Fefferman, Nina H.
Ph.D., Tufts University, 2004
Department of Ecology, Evolution, and Natural Resources, School of Environmental and Biological Sciences, New Brunswick; Rutgers
Areas of Interest: Complex Systems, Conservation Biology/Conservation Medicine, Evolutionary and Behavioral Sociobiology.
I knew as a little kid that I really liked science, but I wasn’t sure which area interested me the most. For a little while, I thought it would be chemistry. I read a biography of Ellen Richards which really excited me. My parents were really great and supportive of me and actually hired a graduate student to come and teach me some basics in chemistry when I was ten years old. He was really into the material and was the best chemistry teacher I ever had. He was able to break down the material to the point where I was able to sit in on one of his lectures and understand most of what was being discussed. After a year of private tutoring, he enthusiastically asked, “So are you going to be a chemist?!” And I replied with a hearty, “No!” He was quite disappointed, but it was because of his excellent teaching that I knew that chemistry was not the field for me.
I had family and friends encourage me to work in medicine, but I always knew that research interested me more than practicing. I like medicine – I work studying diseases, which I think are fascinating. Curing people, I always felt, wouldn’t be the thing for me.
It was just luck, really, that resulted in my working in the field of Computer Science. I am dyslexic and needed extra time to finish exams. However, Princeton, my undergraduate university, was not exactly sympathetic to this and being that I did not do exceedingly well on exams, I was not permitted to become a Biology major. I majored in Mathematics instead and worked in cryptography. I came to Rutgers for graduate school, but it did not work out. I wasn’t enjoying it, they weren’t enjoying having me here, and so I left and taught high school for a year. During that year, I researched different graduate programs and had time to think about what I really wanted to do. Somehow, the transition from undergraduate to graduate school for me, seemed automatic. I had received a Bachelor’s degree in Mathematics so of course I would go on for my graduate work in Mathematics as well, but having already left one program, now I had the opportunity to really consider what would make me happiest.
At one point in my undergraduate education, I thought that I might pursue a career as a theatrical technician. This was a far change from math, but I enjoyed working backstage and behind the scenes, operating spotlights and helping with set design and construction. For a few months, I even worked as a combat trainer for Renaissance festivals. I have never limited myself or tried to fit myself into one “type” of person, but have followed my own passions as much as possible.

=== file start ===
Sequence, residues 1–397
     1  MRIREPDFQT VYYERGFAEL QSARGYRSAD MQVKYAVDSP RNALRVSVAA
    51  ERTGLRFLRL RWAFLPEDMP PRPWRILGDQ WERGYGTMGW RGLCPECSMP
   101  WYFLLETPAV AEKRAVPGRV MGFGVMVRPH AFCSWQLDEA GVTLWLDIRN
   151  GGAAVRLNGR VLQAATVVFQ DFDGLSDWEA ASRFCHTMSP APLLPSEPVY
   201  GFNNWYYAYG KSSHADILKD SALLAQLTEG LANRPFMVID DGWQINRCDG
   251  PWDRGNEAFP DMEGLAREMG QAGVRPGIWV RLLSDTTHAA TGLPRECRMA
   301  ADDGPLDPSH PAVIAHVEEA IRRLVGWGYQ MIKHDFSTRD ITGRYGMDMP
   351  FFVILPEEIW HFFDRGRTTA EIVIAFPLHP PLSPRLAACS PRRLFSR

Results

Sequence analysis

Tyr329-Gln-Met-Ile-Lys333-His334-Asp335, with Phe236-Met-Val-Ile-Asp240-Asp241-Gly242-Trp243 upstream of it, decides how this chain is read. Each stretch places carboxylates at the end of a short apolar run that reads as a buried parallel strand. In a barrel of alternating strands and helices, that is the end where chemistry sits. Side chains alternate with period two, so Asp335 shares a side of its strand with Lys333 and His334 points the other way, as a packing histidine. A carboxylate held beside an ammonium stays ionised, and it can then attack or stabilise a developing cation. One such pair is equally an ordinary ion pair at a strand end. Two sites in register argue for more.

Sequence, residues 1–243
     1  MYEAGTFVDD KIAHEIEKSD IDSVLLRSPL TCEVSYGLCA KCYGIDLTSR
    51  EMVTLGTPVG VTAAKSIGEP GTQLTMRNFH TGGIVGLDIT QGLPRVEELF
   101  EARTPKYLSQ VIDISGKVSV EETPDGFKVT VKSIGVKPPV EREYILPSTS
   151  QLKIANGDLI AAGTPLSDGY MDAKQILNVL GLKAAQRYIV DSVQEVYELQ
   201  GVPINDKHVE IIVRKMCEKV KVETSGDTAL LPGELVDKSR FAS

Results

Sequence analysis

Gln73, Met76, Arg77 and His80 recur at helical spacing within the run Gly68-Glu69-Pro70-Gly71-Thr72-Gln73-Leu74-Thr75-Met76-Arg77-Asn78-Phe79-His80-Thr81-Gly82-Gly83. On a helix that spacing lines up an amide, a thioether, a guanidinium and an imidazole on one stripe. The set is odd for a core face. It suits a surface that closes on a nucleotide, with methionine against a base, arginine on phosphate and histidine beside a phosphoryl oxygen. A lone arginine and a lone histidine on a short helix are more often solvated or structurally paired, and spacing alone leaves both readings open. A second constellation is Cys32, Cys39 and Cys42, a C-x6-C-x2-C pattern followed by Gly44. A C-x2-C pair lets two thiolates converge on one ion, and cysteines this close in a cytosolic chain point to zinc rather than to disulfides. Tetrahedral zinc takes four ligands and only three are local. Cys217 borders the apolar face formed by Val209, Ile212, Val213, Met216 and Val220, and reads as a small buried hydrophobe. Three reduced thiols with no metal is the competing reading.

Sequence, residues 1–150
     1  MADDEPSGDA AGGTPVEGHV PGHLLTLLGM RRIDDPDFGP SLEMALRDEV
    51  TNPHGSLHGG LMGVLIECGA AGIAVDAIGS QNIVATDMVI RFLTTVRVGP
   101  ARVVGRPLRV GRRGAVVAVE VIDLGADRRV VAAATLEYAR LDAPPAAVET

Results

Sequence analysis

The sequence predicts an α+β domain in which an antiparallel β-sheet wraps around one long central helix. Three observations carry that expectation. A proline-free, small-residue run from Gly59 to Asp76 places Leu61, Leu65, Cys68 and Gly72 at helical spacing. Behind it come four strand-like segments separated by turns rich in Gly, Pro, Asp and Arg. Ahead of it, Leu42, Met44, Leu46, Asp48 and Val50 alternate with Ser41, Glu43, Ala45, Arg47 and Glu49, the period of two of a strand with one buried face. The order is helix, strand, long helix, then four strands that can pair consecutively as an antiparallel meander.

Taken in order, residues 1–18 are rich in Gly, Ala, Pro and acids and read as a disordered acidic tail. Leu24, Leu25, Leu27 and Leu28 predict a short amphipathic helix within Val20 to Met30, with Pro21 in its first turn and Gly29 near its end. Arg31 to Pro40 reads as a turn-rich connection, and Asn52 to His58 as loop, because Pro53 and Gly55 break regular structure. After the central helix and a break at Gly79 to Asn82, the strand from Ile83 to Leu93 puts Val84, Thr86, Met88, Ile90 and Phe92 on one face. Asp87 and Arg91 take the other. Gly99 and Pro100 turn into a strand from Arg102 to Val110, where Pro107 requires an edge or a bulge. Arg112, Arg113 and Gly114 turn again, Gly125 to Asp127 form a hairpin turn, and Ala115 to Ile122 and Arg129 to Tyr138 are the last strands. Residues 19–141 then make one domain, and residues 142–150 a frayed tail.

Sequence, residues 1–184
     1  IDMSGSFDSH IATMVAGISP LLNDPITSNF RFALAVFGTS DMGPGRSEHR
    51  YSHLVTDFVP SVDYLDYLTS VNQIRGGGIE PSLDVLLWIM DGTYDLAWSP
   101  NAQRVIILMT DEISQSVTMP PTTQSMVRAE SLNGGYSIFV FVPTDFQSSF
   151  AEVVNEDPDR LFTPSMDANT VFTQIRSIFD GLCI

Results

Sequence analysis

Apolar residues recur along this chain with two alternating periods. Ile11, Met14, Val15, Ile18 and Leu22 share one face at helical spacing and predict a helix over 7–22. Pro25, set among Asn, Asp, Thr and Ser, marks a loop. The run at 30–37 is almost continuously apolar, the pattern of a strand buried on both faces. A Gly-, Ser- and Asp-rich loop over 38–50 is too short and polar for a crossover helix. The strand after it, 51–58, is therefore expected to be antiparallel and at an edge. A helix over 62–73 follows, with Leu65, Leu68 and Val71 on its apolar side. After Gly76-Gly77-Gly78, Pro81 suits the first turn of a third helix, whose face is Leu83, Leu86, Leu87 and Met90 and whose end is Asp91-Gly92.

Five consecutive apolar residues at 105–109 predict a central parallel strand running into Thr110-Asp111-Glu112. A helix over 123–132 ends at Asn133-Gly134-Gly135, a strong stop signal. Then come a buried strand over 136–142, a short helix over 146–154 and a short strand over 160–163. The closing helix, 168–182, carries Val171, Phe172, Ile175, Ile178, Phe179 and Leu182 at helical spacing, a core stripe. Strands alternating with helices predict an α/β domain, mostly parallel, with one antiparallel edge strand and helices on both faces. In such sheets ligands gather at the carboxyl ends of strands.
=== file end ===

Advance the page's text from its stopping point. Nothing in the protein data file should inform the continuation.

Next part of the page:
I was living in Boston with my husband when I decided to start calling different departments of the seventy or so universities in the area to look for an interesting person to work with for my Ph.D. I ended up finding a position working with a conservation ornithologist at Tufts University. We both knew when I went to work with him that I probably wouldn’t end up staying in his field. However, I thought he could teach me some things due to his extensive work with mathematical models in biology. He was a fantastic advisor and teacher and he let me run with what I was interested in. I told him that I had an interest in diseases and asked him who he knew in that field. He pulled up a list of colleagues working in that discipline and asked me who I wanted him to call. It was great. I was interested in diseases, but I didn’t know if it was going to be a good fit for me. I received a grant from the NIH (National Institute of Health) to join an already funded project at the Tufts School of Medicine in epidemiology. I had fun working in epidemiology. Tufts is one of the nicest places I’ve ever worked. I miss it and go back and visit as often as possible. I not only collaborated with my advisor, but also with two other members of the department. It is the nicest, warmest community of scholars and scientists I have ever seen. I really loved the collaboration of different scientists and the added perspectives.
After a few years in Boston, my husband took a job in New York and I decided to call Fred Roberts and he told me that Rutgers had a special focus on epidemiology and invited me to come visit. After I came to visit for a year, I went to talk to him again and he told me to stay!
I feel that my family and culture have truly had a significant impact on my career; I come from a Jewish family in and around New York and the value of education has always been stressed to me. All the men on both sides of my family are pure mathematicians and I am a third generation mathematician – I am often teased for being the only applied mathematician. Our family gatherings frequently consist of conversations including the question, “So what are you proving this week?” It is great to have that extra layer of understanding from my family.
Personally, I think we fail to communicate to undergraduates that you can leave a field without having failed in the field. Following a research interest does not necessarily dictate that a student is required to stay in only a single field. Relationships with graduate advisors and mentors are also important. Some advisors act as the friend-mentor while others tend to be more professional and critical. Students should be aware that they can thrive in both of these types of relationships.
Transcribed from interview with Christina Leshko.